She unlocked the door. It was pitch dark inside, courtesy of Veronica, who blacked out the single window; but Gina could hear Ronnie moaning and groaning on the bed. At first she thought she was just having a bad dream, but then she noticed...oh yes, Veronica was in bed with someone else! A guy from the club.

Having a little nookie while I was out, thought Gina bitterly. Guess the party isn't over yet.

Gina, who realized it would be a miracle if Veronica managed to return to school next semester, still thought better of angering her roomate and turning on the light during an intimate encounter. So she dropped her bags by her bed, kicked off her shoes, reached over, set her alarm, and pulled the covers up to her chin. She rolled over on her side and tried to ignore the moaning and groaning.

She was roused from troubled dreams at some ungodly hour. There was a sudden thump agains the side of the bed, and Gina's head shot up from the pillow, her eyes adjusting to the early morning gloom.

Abover her loomed a dark shape. Veronica's boyfriend for the evening, she thought. He accidently bumped her bed getting up to go tot he john.

"Oh, hey..." she mumbled, wiping her bleary, sleep-gummed eyes.

The weird shape looked at her silently. She tried to make out the features as her eyes adjusted to the trickling moonlight. Was he smiling? Suddenly, the dark silhouette pivoted like a top. He walked to the door, opened it, paused for a moment as if to take a last look—as if he was trying to decide something—and then slowly closed the door. He was gone before dawn. Gina rolled back over, and was out again.

When Gina finally woke up for the last time that morning, she thought she was still dreaming.

Her mind couldn't process the reality of what she was seeing. As a child, she had been frightened and disgusted by a book about Jack the Ripper, particularly of the grisly crime scene photo of Mary Jane Kelly, the Ripper's final victim who had been savagely mutilated as she reclined in bed.

The scene Gina was witnessing now was worse than that.

Veronica was a butchered rag, lying in a pool of dripping blood and gruel. It looked as if she had been slashed and gutted like a fish. Blood was pooling at the side of the bed. Gina could still hear it drip...drip...drip...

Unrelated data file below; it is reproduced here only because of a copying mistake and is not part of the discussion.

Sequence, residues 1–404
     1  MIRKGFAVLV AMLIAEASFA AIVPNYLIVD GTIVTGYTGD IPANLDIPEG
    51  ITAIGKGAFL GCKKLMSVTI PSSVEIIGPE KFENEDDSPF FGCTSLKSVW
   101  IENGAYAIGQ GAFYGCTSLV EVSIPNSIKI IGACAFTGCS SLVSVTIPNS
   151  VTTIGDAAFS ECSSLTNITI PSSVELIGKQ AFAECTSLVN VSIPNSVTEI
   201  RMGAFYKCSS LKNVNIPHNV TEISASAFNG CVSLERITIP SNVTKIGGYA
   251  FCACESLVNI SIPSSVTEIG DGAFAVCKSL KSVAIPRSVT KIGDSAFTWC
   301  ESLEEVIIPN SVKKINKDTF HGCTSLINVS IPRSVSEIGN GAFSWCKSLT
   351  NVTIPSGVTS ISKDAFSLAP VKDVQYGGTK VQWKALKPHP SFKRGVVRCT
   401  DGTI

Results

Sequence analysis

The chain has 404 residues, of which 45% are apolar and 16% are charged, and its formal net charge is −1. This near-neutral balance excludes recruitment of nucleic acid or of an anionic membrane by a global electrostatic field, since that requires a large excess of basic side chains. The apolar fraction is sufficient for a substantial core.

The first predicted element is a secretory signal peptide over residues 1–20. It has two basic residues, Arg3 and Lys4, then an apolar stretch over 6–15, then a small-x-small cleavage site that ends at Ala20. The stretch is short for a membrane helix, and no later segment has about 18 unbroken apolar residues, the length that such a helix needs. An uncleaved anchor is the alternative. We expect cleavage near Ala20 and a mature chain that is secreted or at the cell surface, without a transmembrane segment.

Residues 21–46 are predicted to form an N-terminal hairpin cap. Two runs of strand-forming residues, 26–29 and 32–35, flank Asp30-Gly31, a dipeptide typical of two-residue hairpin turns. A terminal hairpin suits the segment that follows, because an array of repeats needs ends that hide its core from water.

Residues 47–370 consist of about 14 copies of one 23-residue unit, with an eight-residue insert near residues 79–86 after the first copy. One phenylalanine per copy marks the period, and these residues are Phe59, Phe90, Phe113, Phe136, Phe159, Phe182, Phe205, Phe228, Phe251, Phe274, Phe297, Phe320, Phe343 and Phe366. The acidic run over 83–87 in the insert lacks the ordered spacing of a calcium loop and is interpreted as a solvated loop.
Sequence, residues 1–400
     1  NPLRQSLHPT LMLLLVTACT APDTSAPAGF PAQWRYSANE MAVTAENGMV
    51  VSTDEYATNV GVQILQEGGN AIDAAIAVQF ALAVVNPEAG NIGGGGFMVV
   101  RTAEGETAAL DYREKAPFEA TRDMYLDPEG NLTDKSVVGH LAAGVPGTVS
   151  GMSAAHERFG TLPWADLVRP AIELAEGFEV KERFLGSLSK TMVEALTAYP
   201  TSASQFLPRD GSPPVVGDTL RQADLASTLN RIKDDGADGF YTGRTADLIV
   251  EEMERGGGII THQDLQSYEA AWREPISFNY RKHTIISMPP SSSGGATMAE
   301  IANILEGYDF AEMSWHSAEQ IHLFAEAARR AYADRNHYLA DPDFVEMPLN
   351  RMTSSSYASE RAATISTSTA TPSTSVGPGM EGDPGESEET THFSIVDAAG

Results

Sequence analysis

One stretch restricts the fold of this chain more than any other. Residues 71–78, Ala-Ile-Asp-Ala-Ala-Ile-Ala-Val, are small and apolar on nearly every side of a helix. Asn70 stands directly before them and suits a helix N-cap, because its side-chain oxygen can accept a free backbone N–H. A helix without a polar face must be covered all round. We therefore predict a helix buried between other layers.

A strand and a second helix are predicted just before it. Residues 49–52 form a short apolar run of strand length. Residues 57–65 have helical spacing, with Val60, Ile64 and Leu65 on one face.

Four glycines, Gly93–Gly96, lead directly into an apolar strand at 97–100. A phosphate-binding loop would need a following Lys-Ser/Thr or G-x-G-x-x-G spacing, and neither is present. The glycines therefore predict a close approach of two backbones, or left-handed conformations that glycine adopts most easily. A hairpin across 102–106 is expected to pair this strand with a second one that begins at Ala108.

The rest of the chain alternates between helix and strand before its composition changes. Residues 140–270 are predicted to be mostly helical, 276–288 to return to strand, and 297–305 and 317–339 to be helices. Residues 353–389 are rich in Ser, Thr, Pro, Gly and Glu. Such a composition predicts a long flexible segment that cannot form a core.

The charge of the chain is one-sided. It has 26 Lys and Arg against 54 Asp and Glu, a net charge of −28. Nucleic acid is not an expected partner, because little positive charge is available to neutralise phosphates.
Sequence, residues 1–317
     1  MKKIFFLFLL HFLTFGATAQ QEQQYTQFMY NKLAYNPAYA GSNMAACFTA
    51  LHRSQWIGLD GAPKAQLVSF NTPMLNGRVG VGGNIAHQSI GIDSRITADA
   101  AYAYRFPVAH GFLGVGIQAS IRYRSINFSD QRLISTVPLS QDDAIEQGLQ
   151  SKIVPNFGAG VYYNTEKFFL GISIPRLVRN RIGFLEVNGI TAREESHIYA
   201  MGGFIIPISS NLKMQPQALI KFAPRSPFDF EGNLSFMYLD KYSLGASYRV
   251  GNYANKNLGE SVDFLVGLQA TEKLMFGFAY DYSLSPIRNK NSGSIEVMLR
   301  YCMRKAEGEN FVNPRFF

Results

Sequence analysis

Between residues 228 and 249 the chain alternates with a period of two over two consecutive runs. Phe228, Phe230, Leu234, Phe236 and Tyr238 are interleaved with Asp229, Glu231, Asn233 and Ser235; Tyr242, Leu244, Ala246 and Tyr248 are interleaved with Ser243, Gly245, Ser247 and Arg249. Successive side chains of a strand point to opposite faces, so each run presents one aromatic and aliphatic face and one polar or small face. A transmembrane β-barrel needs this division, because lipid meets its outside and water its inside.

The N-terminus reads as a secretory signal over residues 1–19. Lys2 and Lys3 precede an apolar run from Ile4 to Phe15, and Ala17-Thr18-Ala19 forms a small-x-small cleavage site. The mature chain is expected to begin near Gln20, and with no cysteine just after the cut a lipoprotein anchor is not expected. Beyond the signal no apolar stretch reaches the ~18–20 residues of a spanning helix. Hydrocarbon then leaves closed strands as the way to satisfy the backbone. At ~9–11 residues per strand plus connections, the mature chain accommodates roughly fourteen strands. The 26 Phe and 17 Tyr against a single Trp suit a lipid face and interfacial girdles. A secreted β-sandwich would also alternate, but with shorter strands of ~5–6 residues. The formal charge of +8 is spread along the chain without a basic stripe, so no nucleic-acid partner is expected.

A ghoulish grin had been carved in Ronnie's face. Ear to ear. Later, someone would say it reminded them of the face of Elizabeth Short, the "Black Dahlia."

And a message, a horrible, mocking message had been written on the wall above the bed. In blood.

And it was not a message for the police or the guys manning the morgue wagon. It was a personal message, addressed to Gina. The mocking message read:

Aren't you glad you didn't turn on the light?

The vomit hit the back of her throat and projected out of her mouth, riding the tidal wave of a scream. Gina turned, slipping and sliding in blood, throwing open the door and running from the room with her arms raised above her head, her eyes looking as if she might lose her sanity.


They say Gina never quite recovered. She never returned to school, at any rate. Some say she spent years afterward in a mental institute, cowering in a corner at every step, begging the staff to never, ever leave her alone in the dark.

"Don't, whatever you do, just DON'T TURN OFF THAT LIGHT. If you turn it off, THEN YOU'LL HAVE TO TURN IT BACK ON! And who knows what you'll find then!"

This is what they say she is like, even to this day. But surely you don't believe that, do you?

Tom Baker
Tom Baker
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Tom Baker

Author of Haunted Indianapolis , Indiana Ghost Folklore, Scary Urban Legends, Midwest Maniacs, Midwest UFOs and Beyond, Scary Urban Legends, 50 Famous Fablesand Folk Tales, Notorious Crimes of the Upper Midwest :